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Browse Prior Art Database

Application Affinity Analysis

IP.com Disclosure Number: IPCOM000029899D
Original Publication Date: 2004-Jul-16
Included in the Prior Art Database: 2004-Jul-16
Document File: 6 page(s) / 102K

Publishing Venue

IBM

Abstract

In today's modern distributed computing environments, affinity impacts the ability to schedule changes to applications because of asssociations with other systems. This invention defines the method to identify the scheduling order where a community of applications and hosts have some affinity with each other.

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Application Affinity Analysis

Application/Host Affinity constrains the ability to schedule change activities on hosts . The effects of affinity require that scheduling consider the following issues: the order in which all hosts must be refreshed within the schedule the order in which hosts must be refreshed within an Application inter-application host migration dependencies
inter-hosts outage constraints Note: a community of applications may evolve in such a way that Affinity issues may prevent hosts from being scheduled.

Evaluating these issues is a complex activity. analyse per Application information to identify dependencies

analyse dependency records to generate scheduling constraints

use constraints to order host change schedule


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Capturing Affinity dependencies Host/Application combinations have dependencies on other Host/Application combinations.

These are represented by the following attributes: dependency type - this indicates the relationship that either the host or the application has to the other host or application. The dependencies may be denoted as follows:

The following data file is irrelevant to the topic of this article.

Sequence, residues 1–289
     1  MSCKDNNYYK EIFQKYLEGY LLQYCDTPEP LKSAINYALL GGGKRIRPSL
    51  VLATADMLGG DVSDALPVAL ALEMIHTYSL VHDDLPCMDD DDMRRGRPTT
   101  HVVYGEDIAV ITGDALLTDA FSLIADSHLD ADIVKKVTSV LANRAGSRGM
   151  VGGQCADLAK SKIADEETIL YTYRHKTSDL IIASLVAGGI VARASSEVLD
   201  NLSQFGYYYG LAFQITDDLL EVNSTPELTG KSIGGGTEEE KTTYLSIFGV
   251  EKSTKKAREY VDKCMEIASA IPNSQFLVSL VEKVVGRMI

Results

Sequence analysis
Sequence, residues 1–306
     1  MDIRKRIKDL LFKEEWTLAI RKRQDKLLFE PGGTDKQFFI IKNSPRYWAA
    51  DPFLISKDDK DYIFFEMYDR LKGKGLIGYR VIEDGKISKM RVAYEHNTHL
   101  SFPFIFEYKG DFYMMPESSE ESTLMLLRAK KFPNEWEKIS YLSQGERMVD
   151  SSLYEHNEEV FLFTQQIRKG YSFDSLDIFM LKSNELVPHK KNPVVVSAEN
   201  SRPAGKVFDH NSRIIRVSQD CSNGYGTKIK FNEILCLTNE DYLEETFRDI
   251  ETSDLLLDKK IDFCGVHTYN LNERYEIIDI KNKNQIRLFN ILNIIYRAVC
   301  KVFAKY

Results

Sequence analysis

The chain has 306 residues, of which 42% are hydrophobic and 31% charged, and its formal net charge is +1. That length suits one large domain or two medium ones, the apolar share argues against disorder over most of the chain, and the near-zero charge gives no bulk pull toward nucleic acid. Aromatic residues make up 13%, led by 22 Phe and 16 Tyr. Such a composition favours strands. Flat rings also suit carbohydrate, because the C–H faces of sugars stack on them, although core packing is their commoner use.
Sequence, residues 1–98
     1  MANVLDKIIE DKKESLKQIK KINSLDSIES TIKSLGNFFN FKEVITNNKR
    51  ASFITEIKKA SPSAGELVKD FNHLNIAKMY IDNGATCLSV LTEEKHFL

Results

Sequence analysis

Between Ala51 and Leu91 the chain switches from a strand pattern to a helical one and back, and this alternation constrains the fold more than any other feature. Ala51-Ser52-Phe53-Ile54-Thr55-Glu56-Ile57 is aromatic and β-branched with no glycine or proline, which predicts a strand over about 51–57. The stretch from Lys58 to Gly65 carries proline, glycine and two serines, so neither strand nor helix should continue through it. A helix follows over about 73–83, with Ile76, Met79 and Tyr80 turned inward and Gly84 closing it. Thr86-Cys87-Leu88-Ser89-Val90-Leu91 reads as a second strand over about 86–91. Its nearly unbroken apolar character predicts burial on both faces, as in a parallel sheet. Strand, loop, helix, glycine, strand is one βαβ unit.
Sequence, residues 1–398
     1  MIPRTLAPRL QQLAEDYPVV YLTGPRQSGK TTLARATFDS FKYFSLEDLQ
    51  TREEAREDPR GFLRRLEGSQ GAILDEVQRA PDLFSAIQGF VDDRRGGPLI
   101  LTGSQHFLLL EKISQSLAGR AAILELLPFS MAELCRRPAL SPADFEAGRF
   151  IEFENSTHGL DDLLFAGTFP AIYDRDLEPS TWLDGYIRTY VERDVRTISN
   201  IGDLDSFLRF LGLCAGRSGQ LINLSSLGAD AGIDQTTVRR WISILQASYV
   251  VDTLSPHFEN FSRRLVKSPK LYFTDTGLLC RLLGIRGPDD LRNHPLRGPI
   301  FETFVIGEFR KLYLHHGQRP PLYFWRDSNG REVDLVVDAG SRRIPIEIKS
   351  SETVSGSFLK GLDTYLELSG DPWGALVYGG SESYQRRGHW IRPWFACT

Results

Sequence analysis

sa = host shares application with other-host ss = host shares storage with other-host sd = host sends data to other-host rd = host receives data from other-host
sh = application shares host
ns = no sharing at all
bc = host is a backup client
bs = host is a backup server
dependency scope - this indicates the scope of the relationship, and is: i = internal - the relationship does not extend beyond this application. e = external - the relationship extends beyond this application, to other applications.
host association - this indicates how specifically (or generally) an application uses itʼs supporting hosts and may be denoted as: dedicated = the application function is dedicated to this host, no other host in the application cluster can perform this function and the application will fail if the host is offline. distributed = the application function is distributed across hosts, the application will continue to function if this host is offline.

Capturing Scheduling constraints Host/App scheduling constraints have the following attributes: ordering attributes - this indicates the relative rank between two hosts.

  H-OH = host must be refreshed before the other-host OH-H = other-host must be refreshed before the host H&OH = host and the other-host must be refeshed together HorOH = host can not be refreshed at the same time as the other-host dontcare = donʼt care about interaction unschedulable = host has an dependency issue impacting the ability to order it outage attributes - this indicates the relative impact of a host outage on another-host that is related by some dependency. full = outage on host causes full outage on the other-host partial outage on host does not cause a full outage on the other-host

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Transforming dependencies into constraints A set of rules have been defined to assist the translation of dependencies into constraints:

Rule Descripton

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